Godin believes personal interactions are the best way to foster authentic relationships with consumers. This could come from a recommendation from a friend, a pleasant interaction with an employee, or a friendly phone call. He recommends you ditch the script and connect with your customers. Good personal interactions cut through the gimmicks and create lasting impressions.

(Shortform note: In Raving Fans, Ken Blanchard and Sheldon Bowles describe how creating better customer service experiences can help companies succeed. They say the key to happy (not just satisfied) customers is through this five-step plan: define your ideal customer service experience, discover your customer’s ideal experience, integrate your vision with their needs, build an effective and consistent system, and always exceed customer expectations.)

Principle 4: Tell a Believable Story

As we discussed earlier, marketers are selling the story, not the product. People buy a product because of how that story makes them feel, not because of logic. And if you’re marketing to a worldview, you’ll be telling your story to people who want to listen. This leaves room for marketers to exploit consumers and how they feel about a product’s story. 

When marketing, you shouldn’t exploit consumers with your storytelling. In All Marketers Are Liars (All Marketers Tell Stories), Godin urges marketers to know the difference between telling a “fib” and committing fraud—and to never commit fraud

Fibs

Godin defines a fib as a story that may not be 100% factual or based in reality. Fibs are used to appeal to a customer’s feelings. But if a fib is believed, it doesn’t cause any harm to the customer, and it enhances your product. Godin notes that it’s okay to fib parts of your story—bending the truth here and there in a way that benefits both you and your customer. If you tell a fib and your customer believes it, it becomes true. 

(Shortform note: The Federal Trade Commission (FTC) and Institute for Advertising Ethics (IAE) are two organizations that distinguish the line between fibs and frauds. Both organizations echo Godin’s claim that products should not cause harm to the consumer. This includes physical, psychological, and financial harm. When appropriate, scientific evidence should be cited to back up advertising claims. The IAE also notes that it should be clear to consumers that they’re viewing an advertisement—in other words, don’t masquerade your ad as news or editorial content.)

Godin uses Georg Riedel as an example. Riedel is a glassblower who specializes in wine glasses. People—even those in the wine-tasting community—insist his glasses improve the taste of the wine. Riedel’s story (that a good wine deserves a luxury vessel for a better tasting experience) aligns authentically with his product (handcrafted wine glasses). People believe that wine tastes better in a Riedel glass, despite no factual evidence to back this up. Their belief in the product improves their experience drinking wine, so the story benefits both Riedel and his customers. It’s a common fib in the wine-tasting community that the right wine glass can improve the taste of wine

(Shortform note: There may not have been much research on the topic at the time of the book’s initial publication in 2005. However, more recent studies show that there may actually be a correlation. One Japanese study supports the idea that glass shape influences taste, while another study shows that visual perception influences taste.)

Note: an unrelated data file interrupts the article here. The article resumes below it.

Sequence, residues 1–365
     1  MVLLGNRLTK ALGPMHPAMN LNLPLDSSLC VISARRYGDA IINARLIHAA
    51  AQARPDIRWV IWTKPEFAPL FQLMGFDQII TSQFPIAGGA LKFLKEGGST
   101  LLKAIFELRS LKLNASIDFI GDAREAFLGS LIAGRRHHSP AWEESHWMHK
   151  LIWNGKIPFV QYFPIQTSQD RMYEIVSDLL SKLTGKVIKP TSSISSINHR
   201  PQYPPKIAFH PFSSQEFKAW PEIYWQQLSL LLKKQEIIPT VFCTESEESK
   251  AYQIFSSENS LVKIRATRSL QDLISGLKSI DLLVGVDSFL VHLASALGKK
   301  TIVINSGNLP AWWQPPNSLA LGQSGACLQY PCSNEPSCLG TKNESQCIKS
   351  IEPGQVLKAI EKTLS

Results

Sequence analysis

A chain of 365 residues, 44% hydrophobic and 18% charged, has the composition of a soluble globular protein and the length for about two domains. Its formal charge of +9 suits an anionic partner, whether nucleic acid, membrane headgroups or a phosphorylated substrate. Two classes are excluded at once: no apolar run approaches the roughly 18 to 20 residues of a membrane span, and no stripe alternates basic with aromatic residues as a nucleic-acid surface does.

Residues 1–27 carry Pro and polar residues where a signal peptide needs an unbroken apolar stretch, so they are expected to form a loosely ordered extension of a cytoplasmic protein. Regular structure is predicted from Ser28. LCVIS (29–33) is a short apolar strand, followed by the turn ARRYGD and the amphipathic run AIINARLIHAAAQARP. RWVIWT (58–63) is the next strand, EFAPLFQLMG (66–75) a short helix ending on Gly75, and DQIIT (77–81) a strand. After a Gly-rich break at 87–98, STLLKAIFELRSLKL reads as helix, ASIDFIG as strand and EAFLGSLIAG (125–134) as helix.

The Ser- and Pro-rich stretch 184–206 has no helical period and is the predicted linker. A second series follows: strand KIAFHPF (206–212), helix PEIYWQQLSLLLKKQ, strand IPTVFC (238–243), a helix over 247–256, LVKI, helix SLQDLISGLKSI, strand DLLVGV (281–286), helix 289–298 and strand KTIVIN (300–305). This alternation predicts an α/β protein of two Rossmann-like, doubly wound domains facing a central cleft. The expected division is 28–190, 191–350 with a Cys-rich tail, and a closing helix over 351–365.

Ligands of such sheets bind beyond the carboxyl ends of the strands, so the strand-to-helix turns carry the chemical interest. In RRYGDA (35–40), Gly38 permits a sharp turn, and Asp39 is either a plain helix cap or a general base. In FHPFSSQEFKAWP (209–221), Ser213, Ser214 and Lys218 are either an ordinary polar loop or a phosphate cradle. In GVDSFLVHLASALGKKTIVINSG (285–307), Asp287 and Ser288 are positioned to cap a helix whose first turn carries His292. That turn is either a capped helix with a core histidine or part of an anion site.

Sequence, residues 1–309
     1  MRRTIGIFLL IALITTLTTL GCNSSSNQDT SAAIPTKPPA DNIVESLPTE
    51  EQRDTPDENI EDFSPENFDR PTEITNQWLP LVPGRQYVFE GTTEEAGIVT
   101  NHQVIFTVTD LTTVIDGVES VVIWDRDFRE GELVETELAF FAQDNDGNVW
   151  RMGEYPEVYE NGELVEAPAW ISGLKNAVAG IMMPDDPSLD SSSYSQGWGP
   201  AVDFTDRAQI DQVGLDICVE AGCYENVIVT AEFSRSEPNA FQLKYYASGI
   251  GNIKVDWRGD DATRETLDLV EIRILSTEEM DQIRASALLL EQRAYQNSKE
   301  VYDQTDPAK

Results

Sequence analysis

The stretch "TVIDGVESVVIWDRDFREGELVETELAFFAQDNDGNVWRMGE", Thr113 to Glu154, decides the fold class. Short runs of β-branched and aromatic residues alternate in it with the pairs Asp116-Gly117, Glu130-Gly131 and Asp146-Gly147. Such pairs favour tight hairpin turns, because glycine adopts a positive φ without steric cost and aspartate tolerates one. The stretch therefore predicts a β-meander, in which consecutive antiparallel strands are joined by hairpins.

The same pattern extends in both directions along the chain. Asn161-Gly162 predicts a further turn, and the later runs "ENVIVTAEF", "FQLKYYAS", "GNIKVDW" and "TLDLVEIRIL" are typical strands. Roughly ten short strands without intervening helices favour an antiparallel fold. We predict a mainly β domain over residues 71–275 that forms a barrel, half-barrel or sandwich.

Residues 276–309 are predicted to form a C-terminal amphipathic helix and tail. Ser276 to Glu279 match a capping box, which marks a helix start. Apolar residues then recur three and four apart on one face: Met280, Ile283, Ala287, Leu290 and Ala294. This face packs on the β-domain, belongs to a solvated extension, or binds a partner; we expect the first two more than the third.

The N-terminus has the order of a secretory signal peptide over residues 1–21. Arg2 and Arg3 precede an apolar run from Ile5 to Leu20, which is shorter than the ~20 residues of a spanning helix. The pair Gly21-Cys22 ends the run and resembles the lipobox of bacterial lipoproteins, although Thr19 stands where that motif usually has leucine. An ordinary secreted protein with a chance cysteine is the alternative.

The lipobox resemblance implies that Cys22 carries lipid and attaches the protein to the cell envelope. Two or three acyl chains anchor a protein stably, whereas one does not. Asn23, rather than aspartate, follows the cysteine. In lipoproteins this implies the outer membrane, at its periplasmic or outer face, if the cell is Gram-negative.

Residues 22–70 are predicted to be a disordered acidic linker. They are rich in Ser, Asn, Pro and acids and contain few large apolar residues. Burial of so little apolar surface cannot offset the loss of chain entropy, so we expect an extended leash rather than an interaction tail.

Frauds

When you abuse the consumer’s potential to be exploited, Godin says you’re committing fraud. Telling a story that benefits only you and not the customer is fraud. Whereas a customer’s belief in a fib makes it true, a customer’s belief in fraud doesn’t make it true. Fibs can enhance your product, while fraud hides the fact your product isn’t as good as you’re claiming it is. When a customer discovers fraud, they’ll feel betrayed, and it will be difficult to regain their trust.

(Shortform note: The title of Godin’s book is misleading, and some readers expressed their confusion about it. Marketers are liars in the sense that they are fibbing or stretching the subjective truth of their story, but they are not making objectively untrue statements, advertising harmful claims, or lying to the point of deceit or fraud. So marketers aren’t really liars by the usual definition, just storytellers or fibbers.)

For example, women’s wellness brand Goop faced a lawsuit over claims their “vaginal eggs” could balance hormones and regulate menstrual cycles. They also claimed their “flower essence” would cure depression. These claims were not scientifically backed and caused harm to customers who believed this story, resulting in a $145,000 settlement.

Principle 5: Use Obstacles to Tell a Better Story Next Time

You now understand the characteristics of an effective story,  the difference between fibs and frauds, and why you should never commit fraud. This section discusses common obstacles you’ll run into as a marketer and how to use them to your advantage. First, we’ll tackle how to handle competitors. Then, we’ll identify where you might have gone wrong if your product didn’t do as well as you thought it would. 

How to Handle Competition

Competition in the marketplace fosters creativity and innovation. Unless you create an entirely new industry, you’ll no doubt have to deal with competitors and their stories. If someone is already telling a good story, how do you survive in the marketplace? In All Marketers Are Liars (All Marketers Tell Stories), Godin presents a few ways to handle competition:

  • Tell a similar story in a different market: If you’re having trouble finding a place to start, Godin recommends telling a story similar to one someone else is already telling in a different market.